belts to be }i", and calculate b. In the case of single belts 
compare this with the result obtained by the use of the rule of 

Pulleys are usually from V^ to y 2 inch wider than belt. 
Assume Yi inch wider. (Note that belts come in standard 
widths up to 3" by ]/\ \ from 3" to 6" by YY .) Hence, select 
belt the next standard width greater than calculated value, 
unless calculated value comes very close to a standard width. 
Take B to the nearest eighth of an inch. The amount of crown 
to the pulley should be made greater, the greater the speed at 
which the pulley runs. The curve may be struck with a radius 
equal to from 3B to 5B. A tapered face, being more easily 
produced in some shops, is often used, a taper of y 2 " per foot 
each way from the center being used for pulleys 4" wide and 
less, while a taper of Ya" per foot is enough for pulley whose 
width is greater than 4". 

The thickness of pulley at edge of rim may be determined 
by following formula taken from Low and Bevis : 

y = D/200 -\- Y" for single belts, and 
y = D/200 -f- Y" for double belts. 

The consideration of allowing an easy flow of metal in 
casting may affect somewhat the thicknes as calculated. 

Take y to the nearest 32d of an inch. 

The inside of the rim of pulley should also be given a 
taper of Yz" per foot to allow for "draft". Six arms are 
used in the majority of pulleys of ordinary size. Assume 
six in your problem if diameter of pulley is 18" or over; less 
than 18", use four arms. Use elliptical arms; assume e = .4I1, 
also e' = .4h'. The rim of a pulley being rather light, it is 
customary to figure the stress on the basis that the entire 
load is carried by one half of the total number of arms. Treat 
the arm as a cantilever loaded at the end ; and for convenience, 
figure the size of the arms at the centre of pulley using an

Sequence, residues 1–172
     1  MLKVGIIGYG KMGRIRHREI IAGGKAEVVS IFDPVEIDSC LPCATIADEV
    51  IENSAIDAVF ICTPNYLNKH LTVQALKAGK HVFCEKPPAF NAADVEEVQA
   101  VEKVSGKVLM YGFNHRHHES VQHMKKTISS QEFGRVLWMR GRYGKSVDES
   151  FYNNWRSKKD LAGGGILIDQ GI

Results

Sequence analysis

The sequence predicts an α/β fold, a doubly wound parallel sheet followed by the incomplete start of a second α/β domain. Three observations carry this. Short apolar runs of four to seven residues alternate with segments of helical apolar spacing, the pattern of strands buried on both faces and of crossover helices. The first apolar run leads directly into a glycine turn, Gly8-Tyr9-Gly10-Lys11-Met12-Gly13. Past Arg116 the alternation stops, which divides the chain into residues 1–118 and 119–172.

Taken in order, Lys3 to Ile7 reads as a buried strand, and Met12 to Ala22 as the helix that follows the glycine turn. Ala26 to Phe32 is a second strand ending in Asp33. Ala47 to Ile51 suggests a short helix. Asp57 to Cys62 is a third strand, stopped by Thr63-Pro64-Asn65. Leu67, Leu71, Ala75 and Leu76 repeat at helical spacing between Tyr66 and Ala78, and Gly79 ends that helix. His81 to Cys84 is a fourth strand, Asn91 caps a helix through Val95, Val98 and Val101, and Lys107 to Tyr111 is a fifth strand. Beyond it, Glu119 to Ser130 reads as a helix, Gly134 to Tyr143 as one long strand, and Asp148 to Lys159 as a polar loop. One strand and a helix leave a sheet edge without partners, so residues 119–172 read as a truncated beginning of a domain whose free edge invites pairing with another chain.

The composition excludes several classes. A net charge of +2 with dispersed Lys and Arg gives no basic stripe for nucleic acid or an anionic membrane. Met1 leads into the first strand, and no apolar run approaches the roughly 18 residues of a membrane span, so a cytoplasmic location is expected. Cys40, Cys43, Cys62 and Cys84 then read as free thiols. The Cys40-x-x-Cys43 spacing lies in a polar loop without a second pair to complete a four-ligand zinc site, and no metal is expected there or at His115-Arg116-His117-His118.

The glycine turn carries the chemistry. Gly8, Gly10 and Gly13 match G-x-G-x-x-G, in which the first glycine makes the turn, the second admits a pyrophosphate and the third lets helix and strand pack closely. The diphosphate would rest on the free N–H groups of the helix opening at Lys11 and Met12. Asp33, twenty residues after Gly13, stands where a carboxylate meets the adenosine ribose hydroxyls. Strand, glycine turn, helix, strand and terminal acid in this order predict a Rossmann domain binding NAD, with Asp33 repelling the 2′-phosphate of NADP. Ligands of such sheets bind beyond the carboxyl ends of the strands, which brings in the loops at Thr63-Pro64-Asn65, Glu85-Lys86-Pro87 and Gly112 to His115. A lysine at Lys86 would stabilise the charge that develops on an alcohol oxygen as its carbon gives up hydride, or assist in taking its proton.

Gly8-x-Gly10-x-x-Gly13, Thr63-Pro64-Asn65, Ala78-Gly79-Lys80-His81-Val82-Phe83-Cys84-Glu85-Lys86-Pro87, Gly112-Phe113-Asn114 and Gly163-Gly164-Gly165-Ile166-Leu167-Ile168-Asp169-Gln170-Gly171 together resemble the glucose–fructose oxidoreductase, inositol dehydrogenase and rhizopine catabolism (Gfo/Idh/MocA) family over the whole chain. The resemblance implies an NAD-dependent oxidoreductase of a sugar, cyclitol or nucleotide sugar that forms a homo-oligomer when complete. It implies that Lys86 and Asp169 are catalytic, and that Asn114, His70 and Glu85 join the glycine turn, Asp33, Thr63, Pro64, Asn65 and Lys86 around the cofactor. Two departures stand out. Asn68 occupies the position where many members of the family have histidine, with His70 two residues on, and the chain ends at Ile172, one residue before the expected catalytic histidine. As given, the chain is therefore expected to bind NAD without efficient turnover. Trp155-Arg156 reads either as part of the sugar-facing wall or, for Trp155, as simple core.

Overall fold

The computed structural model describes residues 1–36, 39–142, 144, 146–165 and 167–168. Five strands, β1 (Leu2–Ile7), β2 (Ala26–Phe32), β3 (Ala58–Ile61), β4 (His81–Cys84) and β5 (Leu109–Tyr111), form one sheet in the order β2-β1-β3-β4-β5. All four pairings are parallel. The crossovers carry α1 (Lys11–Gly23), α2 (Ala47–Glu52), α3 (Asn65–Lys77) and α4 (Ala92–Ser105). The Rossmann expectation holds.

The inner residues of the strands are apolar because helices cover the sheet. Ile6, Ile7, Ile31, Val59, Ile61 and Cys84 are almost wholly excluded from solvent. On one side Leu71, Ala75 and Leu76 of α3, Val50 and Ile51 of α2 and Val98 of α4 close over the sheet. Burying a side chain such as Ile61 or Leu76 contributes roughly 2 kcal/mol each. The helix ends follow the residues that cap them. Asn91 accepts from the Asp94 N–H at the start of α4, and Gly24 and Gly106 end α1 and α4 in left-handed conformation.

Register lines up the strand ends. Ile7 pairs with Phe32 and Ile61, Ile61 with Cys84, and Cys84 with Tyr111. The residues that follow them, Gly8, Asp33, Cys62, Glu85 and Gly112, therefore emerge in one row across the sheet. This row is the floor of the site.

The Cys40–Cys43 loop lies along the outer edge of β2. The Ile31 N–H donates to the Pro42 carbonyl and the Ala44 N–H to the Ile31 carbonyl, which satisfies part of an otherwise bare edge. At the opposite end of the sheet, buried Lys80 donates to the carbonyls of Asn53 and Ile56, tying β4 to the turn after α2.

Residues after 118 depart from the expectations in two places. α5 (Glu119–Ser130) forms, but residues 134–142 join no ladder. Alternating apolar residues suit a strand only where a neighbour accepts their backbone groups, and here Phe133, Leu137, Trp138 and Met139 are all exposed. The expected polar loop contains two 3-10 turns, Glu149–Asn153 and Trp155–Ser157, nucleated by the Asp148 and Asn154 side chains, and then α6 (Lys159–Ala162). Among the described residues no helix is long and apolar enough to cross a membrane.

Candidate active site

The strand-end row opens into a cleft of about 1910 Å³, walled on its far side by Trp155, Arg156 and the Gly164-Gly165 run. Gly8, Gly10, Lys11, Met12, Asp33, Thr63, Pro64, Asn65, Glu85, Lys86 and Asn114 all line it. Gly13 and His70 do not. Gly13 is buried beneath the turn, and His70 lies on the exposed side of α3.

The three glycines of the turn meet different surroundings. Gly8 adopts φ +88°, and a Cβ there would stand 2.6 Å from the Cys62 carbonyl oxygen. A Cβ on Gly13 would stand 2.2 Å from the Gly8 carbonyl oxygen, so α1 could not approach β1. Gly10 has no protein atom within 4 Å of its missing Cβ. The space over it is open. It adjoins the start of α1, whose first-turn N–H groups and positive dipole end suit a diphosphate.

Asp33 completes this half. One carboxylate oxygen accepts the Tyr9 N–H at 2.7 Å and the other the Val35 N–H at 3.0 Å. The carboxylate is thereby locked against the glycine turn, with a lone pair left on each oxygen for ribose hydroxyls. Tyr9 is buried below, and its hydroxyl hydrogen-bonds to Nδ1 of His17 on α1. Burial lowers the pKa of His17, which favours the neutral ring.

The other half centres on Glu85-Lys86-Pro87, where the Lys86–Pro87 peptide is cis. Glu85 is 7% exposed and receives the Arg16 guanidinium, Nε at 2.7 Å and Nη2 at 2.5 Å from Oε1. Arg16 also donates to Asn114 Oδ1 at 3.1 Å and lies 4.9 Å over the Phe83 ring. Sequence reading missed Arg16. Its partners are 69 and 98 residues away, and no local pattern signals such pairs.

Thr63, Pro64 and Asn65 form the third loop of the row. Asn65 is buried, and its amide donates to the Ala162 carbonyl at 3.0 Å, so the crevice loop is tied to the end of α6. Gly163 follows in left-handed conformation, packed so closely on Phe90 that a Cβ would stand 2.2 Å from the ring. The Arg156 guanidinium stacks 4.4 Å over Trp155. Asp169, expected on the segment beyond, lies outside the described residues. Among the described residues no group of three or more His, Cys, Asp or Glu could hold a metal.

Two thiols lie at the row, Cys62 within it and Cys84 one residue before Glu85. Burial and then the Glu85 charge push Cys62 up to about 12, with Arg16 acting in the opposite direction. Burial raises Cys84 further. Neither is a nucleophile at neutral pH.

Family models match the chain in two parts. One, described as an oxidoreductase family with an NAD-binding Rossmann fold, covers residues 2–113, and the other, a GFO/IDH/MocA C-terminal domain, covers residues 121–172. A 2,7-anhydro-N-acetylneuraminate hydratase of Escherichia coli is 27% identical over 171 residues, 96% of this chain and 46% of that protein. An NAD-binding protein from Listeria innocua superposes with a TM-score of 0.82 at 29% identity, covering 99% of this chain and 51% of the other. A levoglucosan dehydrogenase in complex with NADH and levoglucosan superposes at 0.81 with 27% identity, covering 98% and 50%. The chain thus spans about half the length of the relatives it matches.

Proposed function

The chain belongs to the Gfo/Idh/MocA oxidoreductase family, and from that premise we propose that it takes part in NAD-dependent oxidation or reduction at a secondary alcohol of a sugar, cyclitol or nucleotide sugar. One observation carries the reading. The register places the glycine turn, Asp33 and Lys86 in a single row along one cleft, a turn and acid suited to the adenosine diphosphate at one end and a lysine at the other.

allowable fibre stress of 2500 lbs. per sq. inch. Let the arm 
taper uniformly to rim, making h' — 2/3 h. 

Design of Belt Pulley. 69 

Use straight arms in your design. (What is the advan- 
tage of using curved arms?) 

Calculate diameter of shaft for strength, taking into con- 
sideration the bending moment as well as the twisting 
moment. The simplest way to treat a problem in which there 
is a combined twisting moment and bending moment is to 
find the single equivalent twisting moment which would pro- 
duce the same stress as the combined effect of the other two. 
The following formula gives this : 

X, = Y + V Y 2 + X 2 (6) 

Where Y = the bending moment, X = twisting moment; and 
X x = effective twisting moment which would produce same 
stress as the other two combined. To determine the bending 
moment on the pulley shaft, assume that center of pulley is 
10" from middle of journal bearing, and that the bearings are 
8 ft. apart, center to center ; also figure that there is no 
danger of bending moment being dangerous on that part of 
shaft which is reinforced or stiffened by the tight fitting hub ; 
the stiffening effect ceases however within about an half 
inch of outer edge of hub. This makes two points to figure 
bending moments for. (See Fig. 50 Instruction Plate No. 11.) 
These two points are at (a) and (b) each of which is y 2 " 
from the end of the hub. 

In applying formula (6) use an allowable fiber stress of 
7000 lbs. per square inch. Length of hub must be sufficient to 
prevent rocking on the shaft, and in general must be more 
for loose pulleys than for tight ones. A good average value is 

1 = y 4 B. 

The hub must be strong- enough to carry the key and 
through it transmit the turning moment to the shaft. It must 
also be able to take the wedging action of a taper key without 
splitting. Hub should have a taper of ]/ 2 inch per foot for 
draft similar to inside of rim. Locate key, if possible, under- 
neath an arm. A familiar rule, that the hub should be twice 
the diameter of shaft gives too small a hub for small 
shafts and too large a one for large shafts. A good rule 
given by Low and Bevis in their Machine Design Book is as 
follows : 

I) d 5" 
w = 1 ( 

96 8 8 

/O Machine Design. 

Select ke}^s from standard list of keys for different size 
shafts, then afterwards check by calculation for the shearing 
stress in the key used. 

To find d ls a safe rule is to add %" to the calculated 
diameter of shaft to allow for metal cut out in key way. 


Gearing is a general term covering the various methods 
of communicating motion and power by means of toothed 
wheels. The relative motion of a pair of properly formed 
spur gears is equivalent to that of two circular discs revolving 
about parallel axes ; these discs or short cylinders touch on a 
common point or element which lies in the plane of their 
axes ; and they must have at any time the same linear or 
circumferential velocity. We have such revolving cylinders